Foundations of Technical Analysis: Computational Algorithms, Statistical Inference, and Empirical Implementation
ANDREW W. LO, HARRY MAMAYSKY, AND JIANG WANG* ABSTRACT
Technical analysis, also known as “charting,” has been a part of financial practice for many decades, but this discipline has not received the same level of academicscrutiny and acceptance as more traditional approaches such as fundamental analysis. One of the main obstacles is the highly subjective nature of technical analysis—the presence of geometric shapes in historical price charts is often in the eyes of the beholder. In this paper, we propose a systematic and automatic approach to technical pattern recognition using nonparametric kernel regression, and weapply this method to a large number of U.S. stocks from 1962 to 1996 to evaluate the effectiveness of technical analysis. By comparing the unconditional empirical distribution of daily stock returns to the conditional distribution—conditioned on specific technical indicators such as head-and-shoulders or double-bottoms—we find that over the 31-year sample period, several technical indicators doprovide incremental information and may have some practical value.
ONE OF THE GREATEST GULFS between academic finance and industry practice is the separation that exists between technical analysts and their academic critics. In contrast to fundamental analysis, which was quick to be adopted by the scholars of modern quantitative finance, technical analysis has been an orphan from the very start. Ithas been argued that the difference between fundamental analysis and technical analysis is not unlike the difference between astronomy and astrology. Among some circles, technical analysis is known as “voodoo finance.” And in his inf luential book A Random Walk down Wall Street, Burton Malkiel ~1996! concludes that “@u#nder scientific scrutiny, chart-reading must share a pedestal with alchemy.”However, several academic studies suggest that despite its jargon and methods, technical analysis may well be an effective means for extracting useful information from market prices. For example, in rejecting the Random Walk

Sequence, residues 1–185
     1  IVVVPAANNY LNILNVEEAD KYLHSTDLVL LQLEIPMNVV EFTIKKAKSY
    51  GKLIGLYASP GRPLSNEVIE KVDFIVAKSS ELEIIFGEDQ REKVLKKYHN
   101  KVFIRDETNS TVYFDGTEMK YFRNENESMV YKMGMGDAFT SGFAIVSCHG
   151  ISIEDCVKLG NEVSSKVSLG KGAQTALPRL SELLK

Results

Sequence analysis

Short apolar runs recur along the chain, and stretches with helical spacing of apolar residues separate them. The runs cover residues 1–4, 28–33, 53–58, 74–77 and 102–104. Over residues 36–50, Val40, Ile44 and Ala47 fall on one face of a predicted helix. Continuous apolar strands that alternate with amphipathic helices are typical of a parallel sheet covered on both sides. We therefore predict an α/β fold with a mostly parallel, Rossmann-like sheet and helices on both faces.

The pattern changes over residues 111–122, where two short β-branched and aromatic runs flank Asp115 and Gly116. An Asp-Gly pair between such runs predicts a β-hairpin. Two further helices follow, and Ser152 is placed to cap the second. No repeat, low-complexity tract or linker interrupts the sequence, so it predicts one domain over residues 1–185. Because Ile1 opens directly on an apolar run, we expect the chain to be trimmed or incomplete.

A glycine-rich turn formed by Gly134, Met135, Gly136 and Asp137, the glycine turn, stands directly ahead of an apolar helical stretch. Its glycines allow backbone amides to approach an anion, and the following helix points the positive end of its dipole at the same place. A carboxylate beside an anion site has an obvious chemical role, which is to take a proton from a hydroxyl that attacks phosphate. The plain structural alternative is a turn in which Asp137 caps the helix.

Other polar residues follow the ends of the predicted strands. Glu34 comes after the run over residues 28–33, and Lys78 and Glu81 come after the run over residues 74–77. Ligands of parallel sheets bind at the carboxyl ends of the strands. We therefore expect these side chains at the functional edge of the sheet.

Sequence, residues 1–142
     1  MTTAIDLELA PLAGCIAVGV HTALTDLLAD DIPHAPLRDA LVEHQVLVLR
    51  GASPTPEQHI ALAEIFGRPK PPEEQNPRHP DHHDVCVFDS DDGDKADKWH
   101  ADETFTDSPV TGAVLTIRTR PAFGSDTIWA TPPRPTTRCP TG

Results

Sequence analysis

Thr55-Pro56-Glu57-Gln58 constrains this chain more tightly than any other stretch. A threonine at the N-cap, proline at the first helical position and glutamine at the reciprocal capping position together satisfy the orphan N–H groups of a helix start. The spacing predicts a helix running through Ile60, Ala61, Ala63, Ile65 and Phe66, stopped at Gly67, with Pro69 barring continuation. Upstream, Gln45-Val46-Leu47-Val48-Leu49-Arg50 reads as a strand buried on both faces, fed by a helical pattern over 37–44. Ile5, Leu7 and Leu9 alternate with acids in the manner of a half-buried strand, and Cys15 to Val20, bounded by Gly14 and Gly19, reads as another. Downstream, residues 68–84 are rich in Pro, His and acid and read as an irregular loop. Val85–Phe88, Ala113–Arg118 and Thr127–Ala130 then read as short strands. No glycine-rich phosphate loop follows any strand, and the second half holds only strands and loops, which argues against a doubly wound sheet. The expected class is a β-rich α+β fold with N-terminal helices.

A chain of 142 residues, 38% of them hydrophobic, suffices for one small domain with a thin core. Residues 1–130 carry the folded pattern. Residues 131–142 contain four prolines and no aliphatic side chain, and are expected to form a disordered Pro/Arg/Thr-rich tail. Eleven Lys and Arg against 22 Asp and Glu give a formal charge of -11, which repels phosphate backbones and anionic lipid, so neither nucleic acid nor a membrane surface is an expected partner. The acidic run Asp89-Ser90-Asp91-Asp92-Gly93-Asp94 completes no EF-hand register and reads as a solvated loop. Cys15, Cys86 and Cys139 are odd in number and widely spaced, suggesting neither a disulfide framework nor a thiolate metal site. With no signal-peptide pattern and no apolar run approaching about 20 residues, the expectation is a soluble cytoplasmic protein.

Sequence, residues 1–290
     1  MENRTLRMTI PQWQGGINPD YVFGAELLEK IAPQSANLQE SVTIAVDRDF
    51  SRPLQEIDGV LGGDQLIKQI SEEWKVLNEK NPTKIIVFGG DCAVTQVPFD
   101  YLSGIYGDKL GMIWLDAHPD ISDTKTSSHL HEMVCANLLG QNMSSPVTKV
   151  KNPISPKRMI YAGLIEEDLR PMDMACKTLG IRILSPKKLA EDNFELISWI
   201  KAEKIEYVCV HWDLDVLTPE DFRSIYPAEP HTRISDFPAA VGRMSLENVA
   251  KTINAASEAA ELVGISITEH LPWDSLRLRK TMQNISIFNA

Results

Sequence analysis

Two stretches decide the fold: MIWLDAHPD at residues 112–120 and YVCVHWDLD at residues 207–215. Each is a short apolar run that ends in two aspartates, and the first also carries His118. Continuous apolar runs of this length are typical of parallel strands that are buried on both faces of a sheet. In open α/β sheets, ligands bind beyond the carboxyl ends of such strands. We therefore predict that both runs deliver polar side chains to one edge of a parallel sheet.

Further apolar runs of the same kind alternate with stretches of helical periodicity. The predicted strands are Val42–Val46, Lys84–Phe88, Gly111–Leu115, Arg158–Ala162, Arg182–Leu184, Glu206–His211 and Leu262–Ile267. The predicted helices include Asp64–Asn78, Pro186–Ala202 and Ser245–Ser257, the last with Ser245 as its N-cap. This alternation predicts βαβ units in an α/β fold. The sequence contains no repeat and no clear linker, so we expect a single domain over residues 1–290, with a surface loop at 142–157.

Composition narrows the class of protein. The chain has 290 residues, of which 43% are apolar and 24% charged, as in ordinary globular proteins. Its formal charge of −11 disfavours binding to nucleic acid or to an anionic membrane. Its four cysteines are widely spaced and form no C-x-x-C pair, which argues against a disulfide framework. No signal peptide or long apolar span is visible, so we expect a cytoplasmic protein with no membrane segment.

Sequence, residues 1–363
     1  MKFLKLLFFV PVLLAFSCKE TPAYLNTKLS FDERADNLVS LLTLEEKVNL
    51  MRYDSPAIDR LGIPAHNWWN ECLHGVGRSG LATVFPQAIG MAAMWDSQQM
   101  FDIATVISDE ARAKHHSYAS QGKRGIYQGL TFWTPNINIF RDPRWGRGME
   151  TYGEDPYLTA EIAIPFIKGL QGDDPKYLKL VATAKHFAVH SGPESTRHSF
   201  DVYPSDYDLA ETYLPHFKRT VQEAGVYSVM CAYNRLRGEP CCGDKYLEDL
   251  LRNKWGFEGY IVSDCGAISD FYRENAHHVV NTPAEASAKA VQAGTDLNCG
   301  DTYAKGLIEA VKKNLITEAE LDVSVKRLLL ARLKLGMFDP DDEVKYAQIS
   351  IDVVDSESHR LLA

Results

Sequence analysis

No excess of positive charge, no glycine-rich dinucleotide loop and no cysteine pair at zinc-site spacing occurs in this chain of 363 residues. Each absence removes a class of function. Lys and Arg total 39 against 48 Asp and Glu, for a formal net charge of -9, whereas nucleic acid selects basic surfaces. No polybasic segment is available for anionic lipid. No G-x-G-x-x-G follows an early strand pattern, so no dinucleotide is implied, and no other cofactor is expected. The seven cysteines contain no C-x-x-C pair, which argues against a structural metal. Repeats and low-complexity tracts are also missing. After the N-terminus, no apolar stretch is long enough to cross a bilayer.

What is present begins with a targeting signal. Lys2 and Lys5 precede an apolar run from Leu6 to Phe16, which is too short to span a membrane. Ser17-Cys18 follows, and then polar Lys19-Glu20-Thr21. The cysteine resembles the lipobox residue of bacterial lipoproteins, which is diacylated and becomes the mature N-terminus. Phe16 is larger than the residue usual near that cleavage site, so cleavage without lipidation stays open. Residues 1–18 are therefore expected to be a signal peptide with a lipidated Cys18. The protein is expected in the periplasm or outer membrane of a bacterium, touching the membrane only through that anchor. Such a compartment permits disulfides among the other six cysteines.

* MIT Sloan School of Management and Yale School of Management. Corresponding author: Andrew W. Lo ~firstname.lastname@example.org!. This research was partially supported by the MIT Laboratoryfor Financial Engineering, Merrill Lynch, and the National Science Foundation ~Grant SBR– 9709976!. We thank Ralph Acampora, Franklin Allen, Susan Berger, Mike Epstein, Narasimhan Jegadeesh, Ed Kao, Doug Sanzone, Jeff Simonoff, Tom Stoker, and seminar participants at the Federal Reserve Bank of New York, NYU, and conference participants at the ColumbiaJAFEE conference, the 1999 Joint StatisticalMeetings, RISK 99, the 1999 Annual Meeting of the Society for Computational Economics, and the 2000 Annual Meeting of the American Finance Association for valuable comments and discussion.
The Journal of Finance
Hypothesis for weekly U.S. stock indexes, Lo and MacKinlay ~1988, 1999! have shown that past prices may be used to forecast future returns to some degree, a fact thatall technical analysts take for granted. Studies by Tabell and Tabell ~1964!, Treynor and Ferguson ~1985!, Brown and Jennings ~1989!, Jegadeesh and Titman ~1993!, Blume, Easley, and O’Hara ~1994!, Chan, Jegadeesh, and Lakonishok ~1996!, Lo and MacKinlay ~1997!, Grundy and Martin ~1998!, and Rouwenhorst ~1998! have also provided indirect support for technical analysis, and more direct support hasbeen given by Pruitt and White ~1988!, Neftci ~1991!, Brock, Lakonishok, and LeBaron ~1992!, Neely, Weller, and Dittmar ~1997!, Neely and Weller ~1998!, Chang and Osler ~1994!, Osler and Chang ~1995!, and Allen and Karjalainen ~1999!. One explanation for this state of controversy and confusion is the unique and sometimes impenetrable jargon used by technical analysts, some of which has developed...